Colin Smith and his father Richard farm 450 hectares near Rugeley in Staffordshire with a fleet of 12 nouveau-classic Ford and New Holland tractors, the newest of which was built in 2014. Simon Henley finds out more about the fleet.
The Smith family have been farming the land at Pipe Ridware near Rugeley since 1900. That is 121 years of tilling the Staffordshire soil, and during that time two things have remained consistent. Firstly, they have always been dairy farmers. Secondly, since the first tractor arrived on the farm in 1947, they have almost exclusively used Fordson, Ford and New Holland tractors.
"It is not that we are precious about Ford or New Holland tractors," says Colin Smith, who farms in partnership with his father, Richard. "We just seem to do very well with them and, importantly, we have always had the support we need to keep using them."
The Smith fleet currently includes 12 tractors, with a range of models which incorporates three classic Ford tractors, including a 7610, 7810 and 8830, a Ford/New Holland 8340, four New Holland TM models, a T6050, a T7060 and two T7 tractors, the newest of which was manufactured in 2014.
Mr Smith is understandably proud of the farm’s tractor portfolio. But don not be fooled into thinking these machines are all tractor shed ornaments. While these machines are kept in immaculate condition, when it comes to work, there is no sentimentality in using these tractors for their intended purpose. They are all working machines with specific tasks, as Mr Smith explains.
"Having a fleet of tractors that are all very similar gives us the flexibility to interchange them between jobs if we need to. It also means that when we have casual labour working on the farm during the spring planting and harvesting seasons, the continuity of the tractor’s controls makes them easier to set up and operate."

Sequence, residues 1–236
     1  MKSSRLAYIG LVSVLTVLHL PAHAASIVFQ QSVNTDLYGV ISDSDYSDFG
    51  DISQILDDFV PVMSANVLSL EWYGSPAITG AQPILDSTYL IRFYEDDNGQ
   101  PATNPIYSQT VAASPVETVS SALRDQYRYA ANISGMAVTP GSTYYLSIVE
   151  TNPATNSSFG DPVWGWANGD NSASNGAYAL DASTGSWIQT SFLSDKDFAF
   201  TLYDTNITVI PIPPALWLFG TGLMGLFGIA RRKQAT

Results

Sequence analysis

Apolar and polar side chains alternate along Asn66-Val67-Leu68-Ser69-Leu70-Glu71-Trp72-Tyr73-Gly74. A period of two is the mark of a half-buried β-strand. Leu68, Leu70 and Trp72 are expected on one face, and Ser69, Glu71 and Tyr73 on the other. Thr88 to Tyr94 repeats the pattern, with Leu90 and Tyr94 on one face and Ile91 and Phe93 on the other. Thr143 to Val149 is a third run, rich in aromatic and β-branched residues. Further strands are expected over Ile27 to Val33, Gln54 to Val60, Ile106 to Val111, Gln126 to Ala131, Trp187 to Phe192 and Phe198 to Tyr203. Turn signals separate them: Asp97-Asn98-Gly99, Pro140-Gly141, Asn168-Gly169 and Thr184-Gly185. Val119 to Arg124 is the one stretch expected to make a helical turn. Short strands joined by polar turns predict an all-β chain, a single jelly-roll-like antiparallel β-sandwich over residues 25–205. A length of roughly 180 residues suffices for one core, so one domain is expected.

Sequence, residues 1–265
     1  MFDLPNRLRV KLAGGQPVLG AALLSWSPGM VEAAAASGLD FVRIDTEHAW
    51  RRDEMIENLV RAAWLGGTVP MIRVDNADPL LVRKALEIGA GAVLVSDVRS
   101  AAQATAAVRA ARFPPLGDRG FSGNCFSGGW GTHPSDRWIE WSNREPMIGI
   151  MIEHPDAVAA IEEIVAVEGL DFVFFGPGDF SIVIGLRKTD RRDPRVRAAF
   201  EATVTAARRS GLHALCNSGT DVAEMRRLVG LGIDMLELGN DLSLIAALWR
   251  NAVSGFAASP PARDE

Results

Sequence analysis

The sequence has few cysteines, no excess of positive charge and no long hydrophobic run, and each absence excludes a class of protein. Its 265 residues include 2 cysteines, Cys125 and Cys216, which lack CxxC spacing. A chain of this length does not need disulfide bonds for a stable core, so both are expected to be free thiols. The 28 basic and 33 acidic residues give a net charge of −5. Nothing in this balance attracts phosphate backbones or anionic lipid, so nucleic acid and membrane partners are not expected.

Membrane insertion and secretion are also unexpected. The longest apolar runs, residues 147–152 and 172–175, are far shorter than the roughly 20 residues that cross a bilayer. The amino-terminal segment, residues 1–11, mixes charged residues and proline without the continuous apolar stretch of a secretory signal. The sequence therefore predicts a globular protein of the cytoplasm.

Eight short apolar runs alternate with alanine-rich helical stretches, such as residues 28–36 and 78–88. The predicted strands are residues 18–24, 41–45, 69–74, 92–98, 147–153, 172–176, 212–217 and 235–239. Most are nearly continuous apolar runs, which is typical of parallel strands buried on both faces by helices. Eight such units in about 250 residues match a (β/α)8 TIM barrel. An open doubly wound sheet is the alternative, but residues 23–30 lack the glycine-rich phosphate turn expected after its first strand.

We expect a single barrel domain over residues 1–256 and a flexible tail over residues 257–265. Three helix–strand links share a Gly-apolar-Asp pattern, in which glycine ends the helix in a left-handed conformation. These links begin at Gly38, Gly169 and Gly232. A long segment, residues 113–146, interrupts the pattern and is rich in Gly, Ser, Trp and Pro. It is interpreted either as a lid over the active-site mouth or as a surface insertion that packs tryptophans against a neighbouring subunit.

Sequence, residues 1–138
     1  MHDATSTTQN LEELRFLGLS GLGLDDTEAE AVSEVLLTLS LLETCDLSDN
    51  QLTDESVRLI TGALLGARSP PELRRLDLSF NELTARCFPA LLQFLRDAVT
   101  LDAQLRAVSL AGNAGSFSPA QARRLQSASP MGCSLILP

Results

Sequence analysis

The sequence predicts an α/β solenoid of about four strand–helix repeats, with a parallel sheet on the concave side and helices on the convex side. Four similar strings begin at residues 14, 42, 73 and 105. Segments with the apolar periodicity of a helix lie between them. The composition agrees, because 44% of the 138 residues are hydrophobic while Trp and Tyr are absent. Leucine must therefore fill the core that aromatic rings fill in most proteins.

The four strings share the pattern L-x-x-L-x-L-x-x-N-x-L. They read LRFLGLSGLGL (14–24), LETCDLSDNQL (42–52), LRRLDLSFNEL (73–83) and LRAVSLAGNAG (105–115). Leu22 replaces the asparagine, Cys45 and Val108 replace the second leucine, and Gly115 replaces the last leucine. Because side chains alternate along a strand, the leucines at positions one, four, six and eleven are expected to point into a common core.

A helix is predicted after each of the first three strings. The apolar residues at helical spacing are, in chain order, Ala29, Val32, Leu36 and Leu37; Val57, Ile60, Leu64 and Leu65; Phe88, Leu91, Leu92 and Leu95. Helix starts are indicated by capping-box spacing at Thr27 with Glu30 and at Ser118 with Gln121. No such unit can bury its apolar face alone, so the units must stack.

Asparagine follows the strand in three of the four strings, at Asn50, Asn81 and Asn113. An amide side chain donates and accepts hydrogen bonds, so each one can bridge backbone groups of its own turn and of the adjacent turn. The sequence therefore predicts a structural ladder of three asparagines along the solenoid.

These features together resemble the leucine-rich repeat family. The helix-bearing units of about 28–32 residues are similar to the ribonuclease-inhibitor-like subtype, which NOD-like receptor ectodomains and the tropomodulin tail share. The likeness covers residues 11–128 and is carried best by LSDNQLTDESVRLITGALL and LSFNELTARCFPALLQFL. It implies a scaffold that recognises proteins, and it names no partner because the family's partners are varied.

The farming enterprise at Pipe Ridware features a 230-cow dairy herd, milked twice a day, plus followers. The farm’s crop rotation includes 23 hectares of permanent pasture, with 151ha of temporary grassland including a mixture or two and four-year leys, which are usually followed by either maize or potatoes.
Potatoes account for about 75ha of the farm’s cropping plan, with the Smith family growing varieties such as Pentland Dell and Lady Rosetta which are sold for processing. Then there is about 100ha of wheat, 24ha of beans and 80ha of maize which is used to produce silage for feed.
When it comes to managing their tractor fleet, Mr Smith’s utilisation strategy revolves entirely around the farm’s workload. This particularly applies to the Spring, when the work schedule includes potato-planting, preparing ground for maize planting, drilling maize, fertilising crops and grassland, crop spraying, rolling and harrowing, muck spreading, slurry tanking and so on. And all of this is during the lead up to first-cut grass silage.
“There are five full-time men on the farm, but there are times when we might have 10 tractors working in the fields,” says Mr Smith. “Having a large fleet of well-maintained older tractors at our disposal is more cost effective than seasonally hiring tractors, and it is more affordable than having six brand new models every three years or so on finance or lease hire contracts.
“I will not deny, there can be some downsides to using older tractors. From experience, I can tell you that if you are continually pushing older tractors and working them hard, then you are always just around the corner from a big repair bill. We are fortunate because we not only have local dealer support, but also an excellent local self-employed mechanic, James Sault, who is a New Holland specialist.
As a whole, Mr Smith says New Holland tractors are reliable, but regular servicing is vital. “As they get older, problems tend to generally involve oil pipe failures, wiring loom issues and occasional sensor glitches. The mechanical spool valve slices and the actuation cables on the older TM models are another weak link in the chain.”
For smooth operation, Mr Smith says particular attention needs to be paid to the calibration of certain areas. “If you have driven New Holland tractors, most people will know the transmissions need to be periodically recalibrated, particularly on the older TM tractors. This is something we do when the tractors are serviced.